As winter sets in, let’s discuss how preventive pruning can protect our precious trees. You see, when it comes to landscaping, there are a few things to consider. Last week, we talked about the dangers of falling branches, trees, and power lines. Today, we’ll explore another way to keep your trees happy and healthy.

To strengthen your trees, start with a technique called “preventative pruning.” Read on to learn more about this practice.

What is Preventive Pruning?

In a nutshell, preventive pruning involves strategically and specifically removing branches or parts of a tree before they can become a problem. Reactive pruning, is what people tend to think of when they consider taking sheers to their trees and bushes. Basically, reactive pruning is done to tackle issues as they occur. On the other hand, preventive pruning aims to anticipate potential issues and eliminate them in advance.

During winter and beyond, keeping ahead of possible issues is crucial for promoting the overall health and stability of your trees.

The Benefits of Preventive Pruning

Keep Your Trees Standing Strong

One of the primary benefits of preventive pruning is strengthening your tree’s structural integrity. By selectively removing weak or poorly attached branches, the overall weight distribution of the tree is improved. This reduces the risk of branches breaking under the weight of snow or ice during winter storms. Basically, it helps to keep a tree’s core intact. In turn, this also protects any nearby property, ensuring that the branches are less likely to fall on your home or pool cover.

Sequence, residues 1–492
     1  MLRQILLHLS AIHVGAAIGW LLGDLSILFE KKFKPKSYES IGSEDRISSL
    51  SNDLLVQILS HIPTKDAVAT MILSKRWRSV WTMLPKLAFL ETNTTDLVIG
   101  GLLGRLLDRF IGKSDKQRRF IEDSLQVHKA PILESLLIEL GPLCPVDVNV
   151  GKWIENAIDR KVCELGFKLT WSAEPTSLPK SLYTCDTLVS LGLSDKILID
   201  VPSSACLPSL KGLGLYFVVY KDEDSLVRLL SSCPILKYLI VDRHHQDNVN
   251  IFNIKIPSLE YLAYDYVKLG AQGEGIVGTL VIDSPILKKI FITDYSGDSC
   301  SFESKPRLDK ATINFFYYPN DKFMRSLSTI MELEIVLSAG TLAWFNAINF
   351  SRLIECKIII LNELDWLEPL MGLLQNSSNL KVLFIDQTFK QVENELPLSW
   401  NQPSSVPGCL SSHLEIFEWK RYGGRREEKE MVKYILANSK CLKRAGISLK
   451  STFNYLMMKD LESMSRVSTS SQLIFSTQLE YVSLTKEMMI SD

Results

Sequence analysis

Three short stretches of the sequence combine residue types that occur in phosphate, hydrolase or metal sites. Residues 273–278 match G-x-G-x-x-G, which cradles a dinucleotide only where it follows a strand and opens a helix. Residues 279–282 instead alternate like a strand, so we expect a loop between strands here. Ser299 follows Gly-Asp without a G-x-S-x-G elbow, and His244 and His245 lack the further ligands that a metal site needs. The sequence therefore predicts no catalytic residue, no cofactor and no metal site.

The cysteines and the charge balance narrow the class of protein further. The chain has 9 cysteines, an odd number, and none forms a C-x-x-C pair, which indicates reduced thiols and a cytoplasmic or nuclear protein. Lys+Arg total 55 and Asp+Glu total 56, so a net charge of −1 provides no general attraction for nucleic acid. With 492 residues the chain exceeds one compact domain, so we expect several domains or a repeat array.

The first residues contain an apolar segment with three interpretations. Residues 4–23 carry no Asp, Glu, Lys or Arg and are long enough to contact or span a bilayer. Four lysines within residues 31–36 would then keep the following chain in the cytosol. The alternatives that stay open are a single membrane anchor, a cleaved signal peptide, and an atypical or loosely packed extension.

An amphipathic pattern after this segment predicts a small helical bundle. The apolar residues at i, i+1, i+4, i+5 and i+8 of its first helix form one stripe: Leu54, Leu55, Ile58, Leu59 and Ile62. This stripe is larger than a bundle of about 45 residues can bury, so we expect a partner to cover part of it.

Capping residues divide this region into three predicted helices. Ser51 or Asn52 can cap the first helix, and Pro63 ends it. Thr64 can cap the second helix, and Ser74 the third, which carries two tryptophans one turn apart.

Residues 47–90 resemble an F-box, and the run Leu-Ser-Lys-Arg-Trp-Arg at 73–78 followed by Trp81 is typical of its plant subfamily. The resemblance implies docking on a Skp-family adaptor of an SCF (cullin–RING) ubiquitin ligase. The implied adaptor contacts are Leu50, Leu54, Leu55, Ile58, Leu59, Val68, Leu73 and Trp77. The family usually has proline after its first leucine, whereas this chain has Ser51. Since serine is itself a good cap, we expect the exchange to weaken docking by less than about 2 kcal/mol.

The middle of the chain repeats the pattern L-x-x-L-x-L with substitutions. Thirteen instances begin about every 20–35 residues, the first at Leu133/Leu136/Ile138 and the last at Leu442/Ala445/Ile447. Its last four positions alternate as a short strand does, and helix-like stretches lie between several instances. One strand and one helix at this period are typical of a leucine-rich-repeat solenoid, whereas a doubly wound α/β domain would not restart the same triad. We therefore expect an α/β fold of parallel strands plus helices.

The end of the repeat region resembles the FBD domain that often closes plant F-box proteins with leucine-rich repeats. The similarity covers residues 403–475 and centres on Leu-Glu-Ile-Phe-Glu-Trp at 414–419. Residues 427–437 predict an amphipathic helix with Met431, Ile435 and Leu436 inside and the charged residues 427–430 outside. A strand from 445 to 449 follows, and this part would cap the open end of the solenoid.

Beyond the practical benefits, preventive pruning also helps improve your tree’s natural beauty. It shapes and improves the visual appeal of your yard.

Preventing Tree Diseases

Pruning can also help to prevent the spread of diseases and infections within a tree. During colder months, it is much more likely that your tree can become “sick.” Removing infected or dead branches can stop the disease from spreading. This not only protects the affected tree’s health, but it also helps prevents the potential for disease transmission to nearby trees. Additionally, preventive pruning helps for sunlight to reach the inner branches of a tree. This keeps the tree healthier and stronger.

Best Practices for Winter Preventive Pruning

Prune During Dormancy

Winter is an ideal time for preventive pruning as many trees are in a state of “dormancy.” Put simply, this means that the tree is not actively growing during this time. This reduces stress on the tree and allows for a quicker recovery from pruning. That said, there is such a thing as too much cold! To minimize potential damage to your trees, be sure to avoid pruning during freezing weather.

Choosing Branches For Removal

Above all, the goal is to keep the tree healthy. To start, focus on selectively removing weak, dead, or diseased branches. In particular, pay attention to branches with narrow crotch angles. These are more prone to splitting under the weight of snow or ice. Next, remove any branches that you notice crossing or rubbing against each other. Over time, these may create wounds that may serve as entry points for some of those tree diseases we mentioned.

Pruned branches

Don’t Be Afraid to Find Professional Help

Of course, sometimes, it may be smarter and safer to leave this job to the pros. For large or mature trees, or those with complex pruning needs, consider seeking the expertise of professional arborists. They have the knowledge and tools to execute precise pruning techniques without compromising the tree’s health.

Using these proactive approaches to tree health, we can keep our trees gorgeous and strong for years to come. Good luck and happy pruning!